Challenge 7 Megathread

Welcome to challenge 7! Use this thread for any and all questions relating to challenge 7.

Using Array.prototype.reduce:

const termTopics = (interviews) =>  interviews.reduce(([countA,countB,countC], interview)=> {
      case "smart city": return [countA+1,countB,countC];
      case "arts funding": return [countA,countB+1,countC];
      case "transportation": return [countA,countB,countC+1];
      default: return [countA,countB,countC];

Here’s my solution:

const termTopics = (interviews) => {
  let smartCityCount = 0;
  let artsFundingCount = 0;
  let transportationCount = 0;
  const topicCount = [];
  //loop through the array
  for(let i=0; i<interviews.length; i++) {
    let topic = interviews[i]
    switch (topic) {
      case "smart city":
      case "arts funding":
      case "transportation":
  return topicCount;

I find that my solutions are sometimes a little long, so I am trying to figure out how to condense it!

1 Like

Can you explain your code? and explain what reduce does.


My solution:

const termTopics = (interviews) => {
  let TopicCount=[0,0,0];
  for (var i=0; i<interviews.length; i++){
    if (interviews[i]=="smart city"){
    }else if (interviews[i]=="arts funding"){
    }else if (interviews[i]=="transportation"){
  return (TopicCount);

But to quote those guys,

The reduce() method executes a reducer function (that you provide) on each element of the array, resulting in a single output value.


var sum = [0, 1, 2, 3].reduce(function (accumulator, currentValue) {
  return accumulator + currentValue;
}, 0);
// sum is 6
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Similar, but with switch/case statement

const termTopics = (interviews) => {

var phraseCalculation = [0,0,0];

for (i=0; i < interviews.length; i++)
//checking value for array via switch statement
switch (interviews[i])
case “smart city” :
case “arts funding” :
case “transportation” :

return phraseCalculation;


1 Like

What is the purpose of “interview”? I assume it is somehow getting the values of the interviews array, but I’m also confused to how the reduce function works.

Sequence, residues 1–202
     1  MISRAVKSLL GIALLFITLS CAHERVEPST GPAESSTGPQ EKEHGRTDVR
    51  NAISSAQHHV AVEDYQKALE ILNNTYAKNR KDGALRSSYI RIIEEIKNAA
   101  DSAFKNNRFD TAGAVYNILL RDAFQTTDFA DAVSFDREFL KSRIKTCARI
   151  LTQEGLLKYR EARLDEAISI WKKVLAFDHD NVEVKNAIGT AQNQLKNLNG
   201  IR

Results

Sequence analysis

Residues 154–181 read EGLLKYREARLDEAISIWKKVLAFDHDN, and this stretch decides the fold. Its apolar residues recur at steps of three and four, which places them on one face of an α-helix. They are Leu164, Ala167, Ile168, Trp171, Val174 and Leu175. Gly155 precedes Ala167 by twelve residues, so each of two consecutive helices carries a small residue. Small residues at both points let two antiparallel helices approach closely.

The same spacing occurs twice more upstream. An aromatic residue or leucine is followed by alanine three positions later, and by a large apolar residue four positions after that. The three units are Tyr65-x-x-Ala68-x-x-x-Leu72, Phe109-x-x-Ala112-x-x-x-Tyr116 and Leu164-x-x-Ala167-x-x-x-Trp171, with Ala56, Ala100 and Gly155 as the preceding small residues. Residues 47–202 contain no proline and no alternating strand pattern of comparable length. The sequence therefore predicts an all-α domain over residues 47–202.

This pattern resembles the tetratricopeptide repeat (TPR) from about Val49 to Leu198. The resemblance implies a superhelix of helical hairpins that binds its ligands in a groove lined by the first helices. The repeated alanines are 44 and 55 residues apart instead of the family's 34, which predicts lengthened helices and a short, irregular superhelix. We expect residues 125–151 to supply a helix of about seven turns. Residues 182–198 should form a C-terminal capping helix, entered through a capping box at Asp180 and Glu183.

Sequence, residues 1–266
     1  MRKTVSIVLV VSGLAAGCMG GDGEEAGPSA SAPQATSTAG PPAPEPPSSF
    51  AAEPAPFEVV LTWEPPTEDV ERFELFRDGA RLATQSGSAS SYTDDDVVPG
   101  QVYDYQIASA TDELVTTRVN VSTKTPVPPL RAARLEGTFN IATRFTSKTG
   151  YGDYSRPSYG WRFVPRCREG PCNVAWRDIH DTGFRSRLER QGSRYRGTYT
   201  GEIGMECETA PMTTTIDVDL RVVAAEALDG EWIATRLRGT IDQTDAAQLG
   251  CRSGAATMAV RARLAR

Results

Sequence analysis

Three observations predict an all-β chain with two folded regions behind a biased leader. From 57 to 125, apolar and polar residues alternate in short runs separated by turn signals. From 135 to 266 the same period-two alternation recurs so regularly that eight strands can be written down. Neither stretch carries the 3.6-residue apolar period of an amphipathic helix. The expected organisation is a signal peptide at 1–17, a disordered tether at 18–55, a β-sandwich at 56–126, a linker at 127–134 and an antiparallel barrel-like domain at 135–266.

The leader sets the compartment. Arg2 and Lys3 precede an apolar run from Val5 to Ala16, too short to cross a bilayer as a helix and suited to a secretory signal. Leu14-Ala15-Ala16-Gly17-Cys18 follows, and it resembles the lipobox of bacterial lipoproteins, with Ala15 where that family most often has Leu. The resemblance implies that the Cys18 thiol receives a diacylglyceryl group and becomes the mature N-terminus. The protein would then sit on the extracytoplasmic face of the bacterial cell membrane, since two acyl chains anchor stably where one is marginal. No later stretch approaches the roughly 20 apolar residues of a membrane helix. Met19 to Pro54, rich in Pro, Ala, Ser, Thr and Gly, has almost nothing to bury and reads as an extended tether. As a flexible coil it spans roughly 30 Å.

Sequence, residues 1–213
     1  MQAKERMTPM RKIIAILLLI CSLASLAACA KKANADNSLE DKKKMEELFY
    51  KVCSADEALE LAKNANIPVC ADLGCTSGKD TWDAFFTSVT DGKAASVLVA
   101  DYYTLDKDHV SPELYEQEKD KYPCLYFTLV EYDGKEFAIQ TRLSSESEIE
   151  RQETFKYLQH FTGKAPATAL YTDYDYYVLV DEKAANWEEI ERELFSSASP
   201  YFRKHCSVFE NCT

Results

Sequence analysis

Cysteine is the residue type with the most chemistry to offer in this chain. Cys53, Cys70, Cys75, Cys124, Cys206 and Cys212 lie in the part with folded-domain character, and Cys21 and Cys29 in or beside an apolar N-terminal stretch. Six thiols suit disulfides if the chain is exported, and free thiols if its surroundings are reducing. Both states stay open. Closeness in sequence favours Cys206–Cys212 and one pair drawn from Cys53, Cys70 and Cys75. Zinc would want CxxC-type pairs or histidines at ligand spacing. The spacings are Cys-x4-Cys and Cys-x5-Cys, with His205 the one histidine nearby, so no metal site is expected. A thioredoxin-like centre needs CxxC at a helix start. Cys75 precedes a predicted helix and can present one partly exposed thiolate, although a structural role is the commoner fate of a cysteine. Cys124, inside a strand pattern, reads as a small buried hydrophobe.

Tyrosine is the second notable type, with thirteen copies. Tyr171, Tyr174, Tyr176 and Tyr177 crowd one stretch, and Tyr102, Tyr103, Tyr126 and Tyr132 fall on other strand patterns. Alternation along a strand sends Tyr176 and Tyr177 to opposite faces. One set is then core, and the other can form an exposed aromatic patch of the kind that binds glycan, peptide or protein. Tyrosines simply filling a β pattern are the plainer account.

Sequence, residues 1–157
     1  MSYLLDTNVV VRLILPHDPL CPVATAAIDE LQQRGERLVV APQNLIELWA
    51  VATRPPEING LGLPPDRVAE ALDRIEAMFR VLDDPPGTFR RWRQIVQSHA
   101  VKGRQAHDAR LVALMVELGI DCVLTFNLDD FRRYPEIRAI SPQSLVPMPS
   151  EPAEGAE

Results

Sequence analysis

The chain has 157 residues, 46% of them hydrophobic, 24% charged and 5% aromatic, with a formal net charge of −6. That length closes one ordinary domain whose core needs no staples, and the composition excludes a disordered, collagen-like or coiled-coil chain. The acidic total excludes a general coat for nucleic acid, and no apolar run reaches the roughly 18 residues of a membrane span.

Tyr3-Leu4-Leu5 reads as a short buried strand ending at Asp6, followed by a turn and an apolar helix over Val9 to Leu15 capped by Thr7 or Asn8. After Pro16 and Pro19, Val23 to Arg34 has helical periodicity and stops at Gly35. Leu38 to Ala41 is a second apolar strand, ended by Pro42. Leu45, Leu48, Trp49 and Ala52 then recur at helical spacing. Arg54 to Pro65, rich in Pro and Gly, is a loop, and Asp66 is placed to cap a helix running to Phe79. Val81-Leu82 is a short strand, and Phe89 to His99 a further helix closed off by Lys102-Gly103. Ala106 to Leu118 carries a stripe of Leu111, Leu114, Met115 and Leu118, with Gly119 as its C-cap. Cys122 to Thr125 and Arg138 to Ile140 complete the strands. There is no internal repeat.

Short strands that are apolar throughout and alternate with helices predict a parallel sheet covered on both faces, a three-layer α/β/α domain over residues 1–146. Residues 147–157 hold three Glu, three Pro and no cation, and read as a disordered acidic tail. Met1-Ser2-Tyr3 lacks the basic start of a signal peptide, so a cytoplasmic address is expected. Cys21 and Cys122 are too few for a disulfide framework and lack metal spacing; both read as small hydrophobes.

Makes 3 of us confused by it.

1 Like

Very cool answer, it didn’t occur to me to use an array as my accumulator and I did the solution in two steps instead of 1.

const termTopics = (interviews) => {
  const count = interviews.reduce((acc, cv) => {
    return {...acc, [cv]: acc[cv] ? acc[cv]+1 : 1}
  }, {})
  return [count['smart city'], count['arts funding'], count['transportation']];

You kinda made it more complex…lol

So! I really do recommend going through the mdn link and examples, and it is 4 AM here, but the gist of it is:

A reducer reduces things. now, how would it do it?
it take a function and (possibly) an initialAccumulator value.
And so it goes through the array.

so, suppose we want to sum up [1,2,3,4].
All we need to do is to keep the sum in an accumulator. start with 0, then its 1, then 3, then 6 and finally 10.

function sumReducer(accumulator, element) { 
  const newAccumulatorValue = accumulator + element;
  return newAccumulatorValue;
[1,2,3,4].reduce(sumReducer, 0);

and so all it is doing is this:

(0, 1) -> 1
(1, 2) -> 3
(3, 3) -> 6
(6, 4) -> 10

notice how the first argument is 'accumulating things? and the second argument is just the next element of the array.

In the specific case of what I posted, the trick is to start with [0,0,0]. That is the count for the three things we want, right?
and our reducer function is just taking this accumulator ([0,0,0]) and then checking the element (the interview) and being like… oh! I found a ‘smart city’, well, clearly I have to update the accumulator!
And then using the same function on the next element with our new accumulator.

And so on and so forth.

Take the example array:

    const interviews = [
      'smart city', 
      'rebuild the lighthouse', 
      'arts funding', 
      'arts funding', 
      'rebuild the lighthouse', 
      'sports funding', 
      'tax cuts', 
      'smart city',
      'arts funding', 
      'smart city'

my reducer is going on like so:

([0,0,0], 'smart city') -> [1,0,0]
([1,0,0], 'rebuild the lighthouse') -> [1,0,0]
([1,0,0], 'arts funding') -> [1,1,0]
([1,1,0], 'transportation') -> [1,1,0]

Please check out the MDN link. I think it’s fairly transparent what’s going on there.

Good night!

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using an if statement, i was able to achieve mine.

Though its a bit longer, but thats the only solution i can verify true.

1 Like

I used a filter inside a for loop and seems to have worked and let me submit. Not sure why it doesn’t like me using it though (I get a debug notification that says to not use functions inside a loop).

1 Like

hi jack

your code is clear and logical. Good job. One suggestion is to destructure your variables.
you could use this:

let [smartCityCount, artFundingCount, transportationCount] = [0,0,0];

after your loop and switch statement just return the array. no need to push to it.

return [smartCityCount, artFundingCount, transportationCount];

A quick review of regular functions vs arrow functions and a solution to the day 7 challenge using if statements. Enjoy:

Here’s my solution for those interested.
The switch method could be replaced with if else statements if you prefer. I think this is easier to read though (and hence, better).

const termTopics = (interviews) => {
  let topicCount = [0,0,0]
  for(const topic of interviews){
    switch (topic){
      case "smart city":
      case "arts funding":
      case  "transportation":
    } //switch
  return topicCount

Hope this helps!

1 Like

Adding to the list of solutions here.

const termTopics = (interviews) => {
  return [
    interviews.filter(function(interview){return interview=='smart city'}).length,
    interviews.filter(function(interview){return interview=='arts funding'}).length,
    interviews.filter(function(interview){return interview=='transportation'}).length